Video and the bigger picture
The written word conveys many types of information efficiently. But some stories are better told through pictures, and still others are best told through thousands of consecutive pictures—that is, through video.
The written word conveys many types of information efficiently. But some stories are better told through pictures, and still others are best told through thousands of consecutive pictures—that is, through video. Now that it’s feasible to deliver movies via the BioOptics World website, we are pleased to unveil our new and growing video library.
Our collection of clips, available at bioopticsworld.com/resourcecenter/video (or just click Video at the top our homepage), includes a companion to this issue’s cover story: an animation that effectively explains how metabolomics technology works to evaluate embryo candidates for in vitro fertilization. Check it out for a better understanding, and while you’re there look for clips from some recent trade shows we’ve attended. For instance, you can get an in-depth look at Coherent’s award-winning OPSL-577-3 system, which exploits the wavelength and power scalability of optically pumped semiconductor laser (OPSL) technology to treat macular degeneration.
Less and more
Speaking of imagery, the Government Accountability Office (GAO) recently recommended that the Centers for Medicare & Medicaid Services contain future costs by requiring authorization for heretofore routine imaging services (see p. 14). The GAO issued its report following an investigation that found Medicare spending for high-tech imaging services had more than doubled between 2000 and 2006. The same day, the Medical Imaging & Technology Alliance stated that the report gives Congress an incomplete and inaccurate overview of the situation.
Moving in the opposite direction, though, is Medical Mutual of Ohio, the oldest and largest health insurer in the buckeye state. The company recently updated its capsule endoscopy policy, which now allows physicians to use the PillCam video capsule by Given Imaging (Yoqneam, Israel) as a primary test—without prior use of other procedures—for symptoms indicative of certain diseases. PillCam, once swallowed, takes pictures as it progresses through the gastrointestinal tract. Unlike some other tests, the PillCam procedure is done in a doctor’s office and does not require sedation. Previously, Medical Mutual of Ohio allowed the use of PillCam only after a negative endoscopy.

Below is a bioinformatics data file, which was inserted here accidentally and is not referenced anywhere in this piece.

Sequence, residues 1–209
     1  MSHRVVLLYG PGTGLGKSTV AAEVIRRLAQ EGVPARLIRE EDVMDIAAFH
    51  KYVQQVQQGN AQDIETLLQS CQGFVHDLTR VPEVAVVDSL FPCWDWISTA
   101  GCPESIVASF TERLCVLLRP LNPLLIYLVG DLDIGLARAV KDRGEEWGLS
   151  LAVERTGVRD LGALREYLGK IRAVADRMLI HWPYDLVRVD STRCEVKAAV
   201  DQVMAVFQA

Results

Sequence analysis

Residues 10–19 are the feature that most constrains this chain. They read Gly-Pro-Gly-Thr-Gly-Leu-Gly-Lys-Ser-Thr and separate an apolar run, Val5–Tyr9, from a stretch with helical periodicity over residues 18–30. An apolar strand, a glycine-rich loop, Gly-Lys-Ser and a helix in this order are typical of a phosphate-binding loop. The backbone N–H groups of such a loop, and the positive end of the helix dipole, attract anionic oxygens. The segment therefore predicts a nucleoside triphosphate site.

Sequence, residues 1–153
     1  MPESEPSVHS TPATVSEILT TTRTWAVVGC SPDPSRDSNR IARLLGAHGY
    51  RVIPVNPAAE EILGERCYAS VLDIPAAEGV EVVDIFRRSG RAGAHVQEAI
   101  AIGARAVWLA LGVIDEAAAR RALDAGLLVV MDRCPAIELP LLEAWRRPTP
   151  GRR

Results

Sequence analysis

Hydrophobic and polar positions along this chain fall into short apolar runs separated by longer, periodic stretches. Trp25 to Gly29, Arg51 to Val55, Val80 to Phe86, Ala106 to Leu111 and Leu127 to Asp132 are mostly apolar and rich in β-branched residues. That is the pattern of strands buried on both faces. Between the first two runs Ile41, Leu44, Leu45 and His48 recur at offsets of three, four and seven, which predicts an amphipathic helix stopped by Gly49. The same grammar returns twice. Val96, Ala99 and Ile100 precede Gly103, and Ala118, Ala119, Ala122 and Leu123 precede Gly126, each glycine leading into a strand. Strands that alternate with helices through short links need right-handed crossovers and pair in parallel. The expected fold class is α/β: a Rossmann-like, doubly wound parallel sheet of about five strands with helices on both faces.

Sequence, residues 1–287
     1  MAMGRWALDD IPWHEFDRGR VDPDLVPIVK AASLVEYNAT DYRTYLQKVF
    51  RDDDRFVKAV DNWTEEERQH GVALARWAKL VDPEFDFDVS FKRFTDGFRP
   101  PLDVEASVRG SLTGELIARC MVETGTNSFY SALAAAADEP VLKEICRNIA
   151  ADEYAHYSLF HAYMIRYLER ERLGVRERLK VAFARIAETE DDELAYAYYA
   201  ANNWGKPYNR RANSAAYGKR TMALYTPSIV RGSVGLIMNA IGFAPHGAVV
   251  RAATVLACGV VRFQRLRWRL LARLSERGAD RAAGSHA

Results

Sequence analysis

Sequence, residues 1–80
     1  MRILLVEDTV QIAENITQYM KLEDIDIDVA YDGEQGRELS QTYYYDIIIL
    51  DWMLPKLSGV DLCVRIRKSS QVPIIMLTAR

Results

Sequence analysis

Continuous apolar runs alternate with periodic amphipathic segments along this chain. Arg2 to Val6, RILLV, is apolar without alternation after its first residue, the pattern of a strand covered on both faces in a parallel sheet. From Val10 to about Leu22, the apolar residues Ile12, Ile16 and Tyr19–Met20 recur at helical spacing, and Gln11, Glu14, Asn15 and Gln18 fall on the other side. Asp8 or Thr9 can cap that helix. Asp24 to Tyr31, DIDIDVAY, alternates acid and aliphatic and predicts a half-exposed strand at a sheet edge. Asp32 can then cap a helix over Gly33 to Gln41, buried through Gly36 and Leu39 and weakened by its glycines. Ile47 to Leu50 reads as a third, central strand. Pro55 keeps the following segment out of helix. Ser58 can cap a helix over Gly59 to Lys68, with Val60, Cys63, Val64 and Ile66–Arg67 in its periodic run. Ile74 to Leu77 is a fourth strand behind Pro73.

“We anticipate additional coverage decisions like this in the future,” said Homi Shamir, Given Imaging president and CEO.
The GAO report does not include statistics on the accuracy of diagnosis or course of subsequent treatment with and without use of imaging tools. But according to Markus Lusser of Siemens (quoted in “Molecular imaging aids drug development,” p. 22), doctors using positron-emission tomography (PET) are generally able to make more accurate diagnoses of patient conditions than those using only traditional approaches. Thus, while the up-front cost of imaging tools may be considerable, their use indicates savings down the road.
Editor in Chief